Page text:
We eventually drove (limped) to the nearest town in search of another gas station and air pump, and encountered our next problem. The pump was completely surrounded by cars, all of which were parked snugly without a driver to be seen. Several minutes passed and no one came to move their car. We contemplated Plan B.
Finally, after limping to a third gas station, we found a usable air pump. At this important juncture, we realized we didn’t have an air pressure gauge (I’m fairly certain that’s not what they’re called, so excuse my ignorance of car terms), which is the thing you stick in your tire to make sure you’re not filling it with too much air.
“Great,” I said, “our tire is going to explode.”
Mom, ever the optimist, plunged forward regardless. We filled our tire, put the cap back on, and sat back, immensely satisfied with our cleverness in the face of multiple disasters.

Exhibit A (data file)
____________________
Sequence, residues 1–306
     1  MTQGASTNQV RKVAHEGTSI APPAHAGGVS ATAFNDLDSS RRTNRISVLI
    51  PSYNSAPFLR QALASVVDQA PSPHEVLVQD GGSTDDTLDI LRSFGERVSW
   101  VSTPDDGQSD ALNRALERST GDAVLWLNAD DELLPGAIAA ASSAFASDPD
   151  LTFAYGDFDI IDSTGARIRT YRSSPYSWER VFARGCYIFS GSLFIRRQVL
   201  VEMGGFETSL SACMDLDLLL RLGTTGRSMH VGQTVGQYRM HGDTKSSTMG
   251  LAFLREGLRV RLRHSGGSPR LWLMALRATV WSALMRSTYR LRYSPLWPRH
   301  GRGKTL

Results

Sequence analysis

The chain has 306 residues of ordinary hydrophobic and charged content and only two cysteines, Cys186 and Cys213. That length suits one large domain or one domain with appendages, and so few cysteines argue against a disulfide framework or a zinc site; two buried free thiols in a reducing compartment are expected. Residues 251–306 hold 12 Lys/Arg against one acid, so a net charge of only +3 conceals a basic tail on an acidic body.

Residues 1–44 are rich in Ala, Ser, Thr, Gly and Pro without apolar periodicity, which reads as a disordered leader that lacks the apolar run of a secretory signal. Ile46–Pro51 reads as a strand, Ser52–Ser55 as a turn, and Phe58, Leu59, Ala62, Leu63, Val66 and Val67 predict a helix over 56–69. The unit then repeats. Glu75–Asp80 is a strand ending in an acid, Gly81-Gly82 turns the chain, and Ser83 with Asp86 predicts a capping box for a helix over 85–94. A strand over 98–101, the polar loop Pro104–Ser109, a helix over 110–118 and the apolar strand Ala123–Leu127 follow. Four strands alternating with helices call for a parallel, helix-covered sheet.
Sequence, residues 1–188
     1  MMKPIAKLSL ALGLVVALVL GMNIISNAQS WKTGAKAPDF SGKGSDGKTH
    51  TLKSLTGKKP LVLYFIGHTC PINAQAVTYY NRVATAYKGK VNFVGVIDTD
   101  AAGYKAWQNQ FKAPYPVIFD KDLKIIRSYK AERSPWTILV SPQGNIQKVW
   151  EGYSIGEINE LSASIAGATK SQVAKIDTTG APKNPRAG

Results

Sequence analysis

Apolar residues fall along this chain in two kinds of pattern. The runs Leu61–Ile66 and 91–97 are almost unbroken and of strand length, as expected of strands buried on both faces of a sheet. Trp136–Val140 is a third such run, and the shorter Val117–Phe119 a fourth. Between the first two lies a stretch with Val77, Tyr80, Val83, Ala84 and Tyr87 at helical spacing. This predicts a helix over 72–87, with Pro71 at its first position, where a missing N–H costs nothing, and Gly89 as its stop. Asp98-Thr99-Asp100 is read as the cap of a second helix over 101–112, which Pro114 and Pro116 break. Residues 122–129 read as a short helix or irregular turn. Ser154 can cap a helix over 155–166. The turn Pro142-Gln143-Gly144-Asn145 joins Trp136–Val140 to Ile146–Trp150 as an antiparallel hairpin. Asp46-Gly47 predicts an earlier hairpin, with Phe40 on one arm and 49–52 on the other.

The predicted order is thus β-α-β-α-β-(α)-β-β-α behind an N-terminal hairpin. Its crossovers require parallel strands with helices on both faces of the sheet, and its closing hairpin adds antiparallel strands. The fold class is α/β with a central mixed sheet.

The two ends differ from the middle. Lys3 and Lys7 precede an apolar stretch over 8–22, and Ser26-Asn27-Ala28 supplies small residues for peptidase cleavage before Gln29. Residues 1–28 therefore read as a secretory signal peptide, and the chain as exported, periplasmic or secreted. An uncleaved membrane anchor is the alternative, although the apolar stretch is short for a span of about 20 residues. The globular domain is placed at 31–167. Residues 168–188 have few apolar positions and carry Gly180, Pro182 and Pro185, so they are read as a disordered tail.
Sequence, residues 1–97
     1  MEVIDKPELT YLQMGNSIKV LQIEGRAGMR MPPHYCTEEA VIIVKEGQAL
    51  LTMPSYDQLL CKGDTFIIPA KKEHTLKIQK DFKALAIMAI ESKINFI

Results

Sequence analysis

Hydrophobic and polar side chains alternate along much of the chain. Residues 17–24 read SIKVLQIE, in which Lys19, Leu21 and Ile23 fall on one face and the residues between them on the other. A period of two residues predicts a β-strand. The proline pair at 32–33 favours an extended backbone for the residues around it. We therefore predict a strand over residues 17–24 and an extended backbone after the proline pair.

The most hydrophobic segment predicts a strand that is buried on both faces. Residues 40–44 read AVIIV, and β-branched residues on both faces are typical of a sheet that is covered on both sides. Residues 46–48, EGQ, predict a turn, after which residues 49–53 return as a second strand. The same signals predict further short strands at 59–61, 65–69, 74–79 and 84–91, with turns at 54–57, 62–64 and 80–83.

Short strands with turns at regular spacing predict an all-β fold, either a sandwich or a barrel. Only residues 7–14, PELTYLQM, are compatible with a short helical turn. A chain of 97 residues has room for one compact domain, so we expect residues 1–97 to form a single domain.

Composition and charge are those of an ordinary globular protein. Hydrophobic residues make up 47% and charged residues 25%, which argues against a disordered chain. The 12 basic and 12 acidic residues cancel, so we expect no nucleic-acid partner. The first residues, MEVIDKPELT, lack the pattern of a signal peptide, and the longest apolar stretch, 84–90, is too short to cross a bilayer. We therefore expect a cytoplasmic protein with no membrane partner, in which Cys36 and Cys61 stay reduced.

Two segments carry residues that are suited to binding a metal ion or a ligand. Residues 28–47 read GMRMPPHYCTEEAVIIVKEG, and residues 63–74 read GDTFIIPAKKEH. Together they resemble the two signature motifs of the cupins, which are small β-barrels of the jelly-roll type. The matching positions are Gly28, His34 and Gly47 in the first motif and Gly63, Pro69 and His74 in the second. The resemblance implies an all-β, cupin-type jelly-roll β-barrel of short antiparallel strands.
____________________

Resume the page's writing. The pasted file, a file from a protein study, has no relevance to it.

As we reveled in this newly won triumph, we heard the sound of hissing air.
Turns out it wasn’t a slow leak.
And THAT, my friends, is how we eventually ended up in a random Walmart service station in the middle of Ohio, explaining our troubles to an elderly and vaguely concerned mechanic named Lenny.
Lenny was good to us. Lenny said they would change the tire immediately. Lenny said we would be on our way before we knew it.
Lenny also said we had a special kind of tire that needs a key in order to remove it. A key only we have, apparently. A key I didn’t know existed.
“Can you get it for me?” Lenny asked.
In this moment, I realized I was going to be stranded in Ohio forever.
Mom, ever the optimist, began rummaging through the car. She accomplished two things by this — she found the key completely by accident (thought it was a spare bolt in the glove box) and proved to Lenny that we don’t know how to pack lightly. Lenny became particularly aware of this when she pulled a coffee pot out of the back seat to look under it. Why bring a coffee pot when you’re staying with people who already have one? Who knows. Ask mom.